In the case of AR, the facial appearance of the patient is often the clue to the aetiology of acute symptoms (Figure 3). These features include dark rings beneath the eyes (allergic shiners), a nasal crease, double folds of the lower eyelids (Dennie–Morgan folds), open mouth breathing (teeth and gums show) and often allergic mannerisms (such as frequent nasal wiping). Allergic rhinitis may often present with quality of life impairment, including sleep deprivation and attention deficit disorder.2

FIGURE 3: Features of an allergic face. (With permission from the child and parent.)

Treating nasal symptoms

If the nasal symptoms are caused by an underlying condition, then that condition needs to be addressed with both specific diagnosis and directed therapy. An important example is that if the patient has frequent nasal and other problems caused by a PID, then that condition needs a specific diagnosis and therapy if indicated.

As almost all acute rhinitides are troublesome, patients seek a number of over-the-counter remedies. Many of those are ineffective and have the potential to cause unwanted side effects or in fact prolong the duration of nasal congestion.

Some of the appropriate therapies for acute rhinitis, depending on aetiology, include oral and topical antihistamines, topical intranasal steroids and saline (and variants). However, the most effective agent to have rapid relief from symptoms is a topical nasal decongestant, and it is because of the immediate relief provided by this form of therapy that there is a high potential for overuse. The excessive use of topical decongestants may result in side-effects and failure to seek advice for a potential chronic underlying condition. Importantly, antibiotics (topical and systemic) are not indicated for managing acute rhinitis.3 Systemic decongestants, alone or in combination with other medications, have limited value for acute rhinitis and often have unacceptable side effects, especially in children.4 Systemic side effects include nervousness, insomnia, irritability, headache, palpitations and tachycardia. In addition, they may elevate blood pressure and intraocular pressure, and induce urinary obstruction.5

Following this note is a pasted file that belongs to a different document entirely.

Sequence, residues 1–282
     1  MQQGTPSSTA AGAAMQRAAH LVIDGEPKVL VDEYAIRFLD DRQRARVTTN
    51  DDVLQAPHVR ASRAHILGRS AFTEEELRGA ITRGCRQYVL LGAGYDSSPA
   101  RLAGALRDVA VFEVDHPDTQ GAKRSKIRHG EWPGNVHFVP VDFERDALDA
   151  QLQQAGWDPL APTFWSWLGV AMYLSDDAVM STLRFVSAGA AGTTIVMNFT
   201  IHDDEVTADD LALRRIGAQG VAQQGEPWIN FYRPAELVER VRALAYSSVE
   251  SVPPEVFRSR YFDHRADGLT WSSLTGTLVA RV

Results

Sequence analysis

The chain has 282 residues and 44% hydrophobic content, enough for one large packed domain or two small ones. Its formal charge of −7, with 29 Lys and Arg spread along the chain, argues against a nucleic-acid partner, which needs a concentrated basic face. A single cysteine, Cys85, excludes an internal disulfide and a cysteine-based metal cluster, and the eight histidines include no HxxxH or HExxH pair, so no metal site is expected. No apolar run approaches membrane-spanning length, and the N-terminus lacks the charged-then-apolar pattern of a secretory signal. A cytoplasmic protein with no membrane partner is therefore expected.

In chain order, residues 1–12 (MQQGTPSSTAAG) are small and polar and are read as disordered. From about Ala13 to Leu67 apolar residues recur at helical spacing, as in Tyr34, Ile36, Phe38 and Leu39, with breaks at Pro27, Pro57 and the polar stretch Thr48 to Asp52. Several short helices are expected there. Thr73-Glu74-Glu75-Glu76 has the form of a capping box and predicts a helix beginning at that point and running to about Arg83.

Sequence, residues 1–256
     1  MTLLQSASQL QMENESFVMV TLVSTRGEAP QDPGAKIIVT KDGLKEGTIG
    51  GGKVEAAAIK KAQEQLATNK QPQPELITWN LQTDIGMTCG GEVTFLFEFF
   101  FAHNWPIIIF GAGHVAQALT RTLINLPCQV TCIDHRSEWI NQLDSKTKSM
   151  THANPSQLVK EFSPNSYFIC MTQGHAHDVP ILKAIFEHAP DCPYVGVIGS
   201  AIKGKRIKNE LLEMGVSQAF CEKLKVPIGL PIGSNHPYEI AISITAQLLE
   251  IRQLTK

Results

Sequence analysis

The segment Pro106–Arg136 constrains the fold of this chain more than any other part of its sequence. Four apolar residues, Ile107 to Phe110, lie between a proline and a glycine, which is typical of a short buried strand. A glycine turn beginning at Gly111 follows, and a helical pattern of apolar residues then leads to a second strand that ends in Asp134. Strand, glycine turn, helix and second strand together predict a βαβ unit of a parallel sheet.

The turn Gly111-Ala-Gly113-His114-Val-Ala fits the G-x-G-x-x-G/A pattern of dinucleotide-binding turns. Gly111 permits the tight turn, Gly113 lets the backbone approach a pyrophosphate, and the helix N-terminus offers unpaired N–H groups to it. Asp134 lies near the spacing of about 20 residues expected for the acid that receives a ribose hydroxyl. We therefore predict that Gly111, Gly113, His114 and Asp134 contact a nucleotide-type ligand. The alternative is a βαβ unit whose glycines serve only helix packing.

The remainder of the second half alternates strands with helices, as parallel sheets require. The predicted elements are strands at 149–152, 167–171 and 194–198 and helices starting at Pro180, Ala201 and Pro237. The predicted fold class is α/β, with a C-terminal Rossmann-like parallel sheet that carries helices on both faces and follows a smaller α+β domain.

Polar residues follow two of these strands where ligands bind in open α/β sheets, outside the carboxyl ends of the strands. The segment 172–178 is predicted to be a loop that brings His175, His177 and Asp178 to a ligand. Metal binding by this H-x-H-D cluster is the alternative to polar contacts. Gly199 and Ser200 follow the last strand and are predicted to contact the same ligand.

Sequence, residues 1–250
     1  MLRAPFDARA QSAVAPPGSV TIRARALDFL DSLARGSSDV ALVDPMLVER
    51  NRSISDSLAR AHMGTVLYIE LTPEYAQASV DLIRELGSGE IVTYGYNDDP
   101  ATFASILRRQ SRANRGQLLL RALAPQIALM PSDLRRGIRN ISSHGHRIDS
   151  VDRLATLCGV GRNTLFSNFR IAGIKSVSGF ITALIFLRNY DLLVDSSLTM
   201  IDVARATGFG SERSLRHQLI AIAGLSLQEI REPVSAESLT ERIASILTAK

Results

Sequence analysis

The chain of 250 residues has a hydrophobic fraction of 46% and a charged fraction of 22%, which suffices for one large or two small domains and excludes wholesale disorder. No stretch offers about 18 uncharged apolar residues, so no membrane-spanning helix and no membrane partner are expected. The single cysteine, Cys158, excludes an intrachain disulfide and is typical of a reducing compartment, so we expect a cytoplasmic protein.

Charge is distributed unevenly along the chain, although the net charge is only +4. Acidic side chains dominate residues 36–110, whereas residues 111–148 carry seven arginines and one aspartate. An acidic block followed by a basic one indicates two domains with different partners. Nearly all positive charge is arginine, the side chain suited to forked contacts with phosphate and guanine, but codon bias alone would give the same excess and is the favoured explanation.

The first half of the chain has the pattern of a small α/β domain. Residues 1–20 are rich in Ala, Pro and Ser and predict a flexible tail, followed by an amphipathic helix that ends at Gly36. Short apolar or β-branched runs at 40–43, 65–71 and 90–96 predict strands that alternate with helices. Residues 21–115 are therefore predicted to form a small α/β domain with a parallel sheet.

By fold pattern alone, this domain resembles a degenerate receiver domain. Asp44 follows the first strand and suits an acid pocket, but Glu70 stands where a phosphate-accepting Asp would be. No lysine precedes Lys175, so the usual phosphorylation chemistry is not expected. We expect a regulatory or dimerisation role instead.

Which topical nasal decongestant?

The most important criterion for selecting a nasal decongestant is evidence for efficacy and safety. The imidazole group of agents such as oxymetazoline and xylometazoline, which have a proven efficacy and safety profile, best fit these requirements (Box 3).6,7,8,9,10,11,12,13,14,15,16

BOX 3: The ideal topical nasal decongestant should have the following properties.
Duration of use of topical decongestant

When used alone, topical nasal decongestants may produce rebound vasodilation in some patients after as little as 5-day use. As such, they should not, as a rule, be used for more than 7–10 days.6,17

One additional issue regarding safety of topical decongestants is related to the mode of delivery. Whereas metered dose sprays are safe, at least one study has documented that when using liquid solutions, an excessive volume may be delivered when the bottle is inverted, and therefore the dispenser must be kept upright.18

Patient education

A critical step in managing rhinitis is education of the patient, the public and the provider, including the pharmacist, the primary health care practitioner and even the specialist.

It may also be worthwhile to provide a patient suffering from chronic rhinitis an ‘exacerbation plan’, which provides information as to the use of a topical nasal decongestant. It should also provide instructions as to the administration of the spray. Because most of the congestion occurs at the posterior and lateral side wall of the nose, it should be directed intranasally towards the ipsilateral ear.

The key principles of an education message are listed in Box 4.

BOX 4: Key educational messages in treating rhinitis.


Intranasal decongestants are effective in managing the troublesome symptoms of acute rhinitis, either because of a minor viral illness or an exacerbation of an underlying serious chronic condition. They do not however treat the cause, and if used over a prolonged period without further evaluation of the patient, a more important diagnosis could be missed out. Furthermore, they may cause rebound rhinitis medicamentosa.


Competing interests

The authors have declared that no competing interests exist.

Authors’ contributions

All authors contributed equally to this work.

Ethical considerations

This article followed all ethical standards for a research without direct contact with human or animal subjects.

Funding information

This research received no specific grant from any funding agency in the public, commercial or not-for-profit sectors.

Data availability statement

Data sharing is not applicable to this article as no new data were created or analysed in this study.


The views and opinions expressed in this article are those of the authors and do not necessarily reflect the official policy or position of any affiliated agency of the authors.